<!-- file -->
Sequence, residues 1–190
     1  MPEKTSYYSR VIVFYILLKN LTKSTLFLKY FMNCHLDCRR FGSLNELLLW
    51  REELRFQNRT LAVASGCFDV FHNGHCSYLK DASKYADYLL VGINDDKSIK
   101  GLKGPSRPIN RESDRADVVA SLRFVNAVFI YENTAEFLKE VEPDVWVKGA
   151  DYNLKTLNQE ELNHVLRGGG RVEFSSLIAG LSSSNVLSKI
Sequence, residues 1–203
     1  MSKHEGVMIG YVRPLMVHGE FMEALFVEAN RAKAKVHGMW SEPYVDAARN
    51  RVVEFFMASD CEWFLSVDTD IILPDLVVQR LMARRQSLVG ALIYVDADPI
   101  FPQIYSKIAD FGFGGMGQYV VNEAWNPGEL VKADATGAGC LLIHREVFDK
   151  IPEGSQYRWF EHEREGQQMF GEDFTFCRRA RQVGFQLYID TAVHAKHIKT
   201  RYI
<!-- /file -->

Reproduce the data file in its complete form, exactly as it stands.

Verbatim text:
Sequence, residues 1–190
     1  MPEKTSYYSR VIVFYILLKN LTKSTLFLKY FMNCHLDCRR FGSLNELLLW
    51  REELRFQNRT LAVASGCFDV FHNGHCSYLK DASKYADYLL VGINDDKSIK
   101  GLKGPSRPIN RESDRADVVA SLRFVNAVFI YENTAEFLKE VEPDVWVKGA
   151  DYNLKTLNQE ELNHVLRGGG RVEFSSLIAG LSSSNVLSKI
Sequence, residues 1–203
     1  MSKHEGVMIG YVRPLMVHGE FMEALFVEAN RAKAKVHGMW SEPYVDAARN
    51  RVVEFFMASD CEWFLSVDTD IILPDLVVQR LMARRQSLVG ALIYVDADPI
   101  FPQIYSKIAD FGFGGMGQYV VNEAWNPGEL VKADATGAGC LLIHREVFDK
   151  IPEGSQYRWF EHEREGQQMF GEDFTFCRRA RQVGFQLYID TAVHAKHIKT
   201  RYI